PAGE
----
There are some conspiracy buffs who hypothesize that the new Canadian Anti-Spam Legislation (CASL) has an underlying purpose. Normally we would not give any credence to conspiracy theories, but in this instance it makes sense.
The theory is that while on the surface, CASL purports to be aimed at cleaning up mass emails that clutter up everyone’s inbox, it’s a subtle attempt to move business back into something we’ve always known as direct marketing.
In the days before emails and SPAM, direct marketing (as opposed to unaddressed direct mail) was considered to be one of the more effective means of both business to consumer and business to business communications. Imagine a package addressed to a real person being placed right on their desk or in their home mail box.
The creativity that powered these pieces was, in many cases, both innovative and alluring. The depth of sale that these pieces where capable of generating was prodigious to say the least. The recipient was told a whole story. Not just a tantalizing lead in with all the added effort of clicking a read more or clicking through to a landing page or download.
When well done, it was beautiful. It was elegant. And considering the response that could be generated from a well designed and well written direct mail piece, it was an excellent value from a cost perspective as well.
The SPAM Revolution
As email marketing took hold, and the SPAM revolution began, digital marketers did quite a job in convincing advertisers that this was the new way to go. While it saved clients a considerable amount of printing and postage, it permanently altered the advertising/marketing landscape, putting printers, list brokers and fulfillment houses, not to mention Canada Post in a great deal of financial pain.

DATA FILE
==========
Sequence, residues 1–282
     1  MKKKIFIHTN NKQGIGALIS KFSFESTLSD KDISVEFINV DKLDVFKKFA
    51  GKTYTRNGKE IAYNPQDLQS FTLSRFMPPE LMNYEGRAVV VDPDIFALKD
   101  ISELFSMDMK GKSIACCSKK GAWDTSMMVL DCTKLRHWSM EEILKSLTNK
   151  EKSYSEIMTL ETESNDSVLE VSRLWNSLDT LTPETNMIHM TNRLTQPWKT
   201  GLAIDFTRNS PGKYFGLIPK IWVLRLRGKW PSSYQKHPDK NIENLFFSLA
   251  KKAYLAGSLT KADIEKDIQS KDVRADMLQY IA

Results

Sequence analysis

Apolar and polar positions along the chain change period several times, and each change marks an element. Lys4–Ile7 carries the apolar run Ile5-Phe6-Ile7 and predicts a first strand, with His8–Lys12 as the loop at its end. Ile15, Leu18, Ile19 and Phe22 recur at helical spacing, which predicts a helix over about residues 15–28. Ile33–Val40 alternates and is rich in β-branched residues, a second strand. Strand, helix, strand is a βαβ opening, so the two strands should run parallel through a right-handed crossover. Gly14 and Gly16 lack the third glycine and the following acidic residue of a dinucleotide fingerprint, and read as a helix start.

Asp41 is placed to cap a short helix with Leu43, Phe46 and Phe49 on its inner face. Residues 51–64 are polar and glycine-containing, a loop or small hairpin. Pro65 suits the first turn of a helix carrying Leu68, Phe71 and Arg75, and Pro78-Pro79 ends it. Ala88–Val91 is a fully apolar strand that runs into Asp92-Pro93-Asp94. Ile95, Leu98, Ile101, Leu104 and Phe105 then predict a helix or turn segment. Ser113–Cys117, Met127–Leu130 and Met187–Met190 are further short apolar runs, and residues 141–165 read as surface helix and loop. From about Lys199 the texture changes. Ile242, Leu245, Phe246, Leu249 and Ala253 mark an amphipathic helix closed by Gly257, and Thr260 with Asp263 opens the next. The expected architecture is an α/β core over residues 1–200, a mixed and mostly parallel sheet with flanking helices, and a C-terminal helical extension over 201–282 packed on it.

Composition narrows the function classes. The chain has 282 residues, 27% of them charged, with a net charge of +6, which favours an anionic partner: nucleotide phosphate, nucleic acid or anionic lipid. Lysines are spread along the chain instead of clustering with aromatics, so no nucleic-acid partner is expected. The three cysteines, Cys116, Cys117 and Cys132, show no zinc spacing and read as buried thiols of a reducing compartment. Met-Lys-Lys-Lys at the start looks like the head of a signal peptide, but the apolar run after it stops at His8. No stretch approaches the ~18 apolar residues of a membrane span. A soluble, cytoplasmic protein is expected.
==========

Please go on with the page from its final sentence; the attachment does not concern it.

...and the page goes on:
The adverse effect this had on many sectors of Canadian Business, coupled with the incredible onslaught of unwanted emails from an email marketing industry that was still trying to develop into something measurable, were, as the conspiracy purports, the principle ingredients in the decision to launch an all encompassing anti-spam legislation.
Conspiracy theory or not, effective July 1, 2014 Canadian business has been propelled back in time to the ‘pre-email’ environment. If you think hard for a moment or two about the risks of being reported for non-compliant mass emailing – by a disenamoured client, disgruntled employee or disreputable competitor – all of a sudden, tools with measurable results quotients start to look very appealing.
This Is Where We Come In.
People who create digital communications, by and large, have little experience with, nor any in-depth knowledge of how to put a great direct mail program together.
At Ink Tank, our experience in the area of direct mail is both deep and broad. We are experienced strategists and award-winning creative thinkers and doers in all media, both on and off line. But our grounding and the media we have the most experience in is in direct marketing, advertising and corporate communications, of which direct mail has always played an important part.
Email databases in every sector of Canadian business have been decimated by CASL. They will be rebuilt again, but no one knows how long that will really take. In the interim, tools like direct mail and conventional media advertising are quickly taking on a renewed importance.
And companies like ours are suddenly finding that our depth of experience in offline media is experiencing a re-birth of interest. Our online experience is just icing on the cake.
If your company is currently grappling with the issues of marketing outside the mass email realm, we should talk. Our expertise in the direct marketing area will help you keep your business alive and kicking through this crisis and far beyond.